Every citizen must obey our labor regulations.

ALL WORKMEN, WOMEN, AND CHILDREN OVER 15 YEARS OLD ARE obliged to work
in the fields every day, Sundays included, from 4 A.M. to 8 P.M.

Disobedience will be punished in the following manner:--

(1) Lazy workmen will be accompanied to their work and watched by
Germans. After the harvest they will be IMPRISONED for six months, and
every third day will be given NOTHING BUT BREAD AND WATER.

(2) Lazy women will be obliged to work, and after the harvest receive
SIX MONTHS' IMPRISONMENT.

(3) LAZY CHILDREN WILL BE PUNISHED BY BEATING.

The Commandant Reserves the Right to Punish Lazy Workmen with 20 Lashes
Daily.


What a contrast to the proclamation of General Allenby when the English
captured Jerusalem whereby the inhabitants were guaranteed protection
in carrying on their business, and all homes and buildings were to be
safeguarded. When following the armistice the American soldiers
occupied German cities, the Germans were surprised to find that they
were in no wise punished or prevented from going about their regular
pursuits.

As a result of the World War, Italy recovered the unredeemed provinces,
and just before the signing of the armistice, she redeemed herself in
war by wiping out the memory of her humiliating defeat about a year
earlier at Caporetto.

The Italian war office in its official report of this second battle of
the Piave says in substance the following:--

The war against Austria-Hungary which under the supreme direction of
the king, the commander-in-chief of the Italian army, began May 24,
1915, and which since then, with inferior numbers and material, has
been conducted with unflagging faith and constant valor for forty-one
months has been won.

The gigantic battle of October 24 is victoriously ended. Fifty-one
Italian divisions, three British, two French, one Czechoslovak, and one
American regiment fought against sixty-three Austro-Hungarian divisions.

The Austro-Hungarian army is destroyed. It suffered very heavy losses
in the fierce resistance of the first days of the battle, and in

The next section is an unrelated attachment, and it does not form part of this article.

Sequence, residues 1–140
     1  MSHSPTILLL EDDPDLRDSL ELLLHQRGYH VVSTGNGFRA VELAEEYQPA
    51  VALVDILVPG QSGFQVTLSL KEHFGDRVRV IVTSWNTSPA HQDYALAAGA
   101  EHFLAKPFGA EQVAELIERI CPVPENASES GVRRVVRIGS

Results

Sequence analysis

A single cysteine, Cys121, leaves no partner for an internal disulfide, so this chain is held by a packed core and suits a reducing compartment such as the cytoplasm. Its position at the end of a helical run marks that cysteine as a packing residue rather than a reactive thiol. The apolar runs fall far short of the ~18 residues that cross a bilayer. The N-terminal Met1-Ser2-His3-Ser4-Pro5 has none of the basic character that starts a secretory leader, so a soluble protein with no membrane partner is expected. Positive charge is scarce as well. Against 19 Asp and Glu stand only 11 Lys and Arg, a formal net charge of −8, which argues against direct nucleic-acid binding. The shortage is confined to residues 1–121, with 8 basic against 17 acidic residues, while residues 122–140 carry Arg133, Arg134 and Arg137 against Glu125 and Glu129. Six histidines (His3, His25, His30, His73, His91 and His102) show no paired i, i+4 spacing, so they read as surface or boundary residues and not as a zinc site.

retreat it lost an immense quantity of material of all kinds, nearly
all its stores and depots, and has left in our hands over 300,000
prisoners, with their commands complete, and not less than 5,000 guns.

The defeat has left what was one of the most powerful armies in the
world in disorder and without hope of returning along the valleys
through which it advanced with proud assurance.


Church bells were rung all over Italy and parades and celebrations were
held in all the large cities.

President Wilson sent on November 4 the following message to the King
of Italy:--

May I not say how deeply and sincerely the people of the United States
rejoice that the soil of Italy is delivered from her enemies? In their
name I send your Majesty and the great Italian people the most
enthusiastic congratulations.

WOODROW WILSON.


During the war, Italy called to the colors from a male population of
only 17,000,000 nearly 5,500,000 men and suffered a loss of almost
1,000,000 of them. It is estimated that the nation's man power
suffered a permanent loss of over half a million.

But serious as is this loss, Italy inflicted an even greater punishment
upon the foe. In Austrian prisoners alone she captured over a million.
The Austrian loss in killed and wounded was doubtless far greater than
Italy's.

Over 2500 miles of roads were constructed on the mountains of Italy and
Albania, and 1000 miles of aerial cable railroads were built to carry
food, ammunition, and guns over deep ravines.

Italy's fighters and industrial workers accomplished their work with an
inadequate supply of materials and food that meant real and continuous
suffering such as probably was felt by no other of the warring peoples.

*******************

We will never bring disgrace to this, our city, by any act of
dishonesty or cowardice, nor ever desert our suffering comrades in the
ranks. We will fight for the ideals and sacred things of the city,
both alone and with many; we will revere and obey the city's laws and
do our best to incite a like respect and reverence in those above us
who are prone to annul or to set them at naught; we will strive
unceasingly to quicken the public's sense of civic duty. Thus in all
these ways we will transmit this city not only not less but greater,
better and more beautiful than it was transmitted to us.

The Oath of the Athenian Youth.